Multiracial youth are currently the largest demographic group among individuals 18 and under in the United States (Saulny, 2011), and yet there is a dearth of research examining the development of these uniquely racialized individuals. In this article, we systematically review the qualitative and quantitative research available across disciplines regarding how caregivers engage in racial-ethnic socialization with Multiracial American youth to transmit knowledge about race, ethnicity, and culture. We also critique the use of monoracially framed theoretical models for understanding Multiracial experiences and provide directions for future research using a Critical Multiracial Theory, henceforth referred to as MultiCrit, perspective (Harris, 2016). MultiCrit situates the understanding of Multiracial experiences in the context of the racially oppressive structures that affect Multiracial realities. In light of the findings of this review, we suggest that future studies are needed to learn how racial-ethnic socialization processes look in Multiracial families with different racial makeups and diverse family structures while considering the intersectional identities of Multiracial youth and their caregivers. Furthermore, new theoretical frameworks specific to Multiracial families are necessary to move this field forward, and quantitative measures need to be developed based on qualitative studies to capture the nuances of racial-ethnic socialization messages for Multiracial youth. Suggestions for additional factors to consider in the process of racial-ethnic socialization for Multiracial families and implications of this research are provided in the discussion.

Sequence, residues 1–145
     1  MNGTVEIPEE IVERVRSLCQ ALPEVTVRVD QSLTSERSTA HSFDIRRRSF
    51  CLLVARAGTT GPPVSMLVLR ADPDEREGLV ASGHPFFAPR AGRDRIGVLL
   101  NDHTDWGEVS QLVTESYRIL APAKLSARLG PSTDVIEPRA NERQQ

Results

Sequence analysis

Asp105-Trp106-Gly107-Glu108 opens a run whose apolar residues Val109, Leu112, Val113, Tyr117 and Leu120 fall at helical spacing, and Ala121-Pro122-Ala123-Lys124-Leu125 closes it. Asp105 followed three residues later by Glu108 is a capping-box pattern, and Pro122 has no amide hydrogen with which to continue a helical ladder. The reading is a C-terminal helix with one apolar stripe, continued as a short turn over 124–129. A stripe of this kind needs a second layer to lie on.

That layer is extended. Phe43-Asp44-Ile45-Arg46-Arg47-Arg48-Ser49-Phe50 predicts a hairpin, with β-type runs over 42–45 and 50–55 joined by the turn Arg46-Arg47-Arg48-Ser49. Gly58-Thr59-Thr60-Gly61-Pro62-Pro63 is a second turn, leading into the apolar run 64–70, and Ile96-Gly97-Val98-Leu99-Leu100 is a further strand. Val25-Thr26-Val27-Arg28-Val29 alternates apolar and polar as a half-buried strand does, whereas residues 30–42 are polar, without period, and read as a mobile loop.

- Racial-ethnic socialization
ASJC Scopus subject areas
- Pediatrics, Perinatology, and Child Health
- Experimental and Cognitive Psychology
- Developmental and Educational Psychology
- Psychiatry and Mental health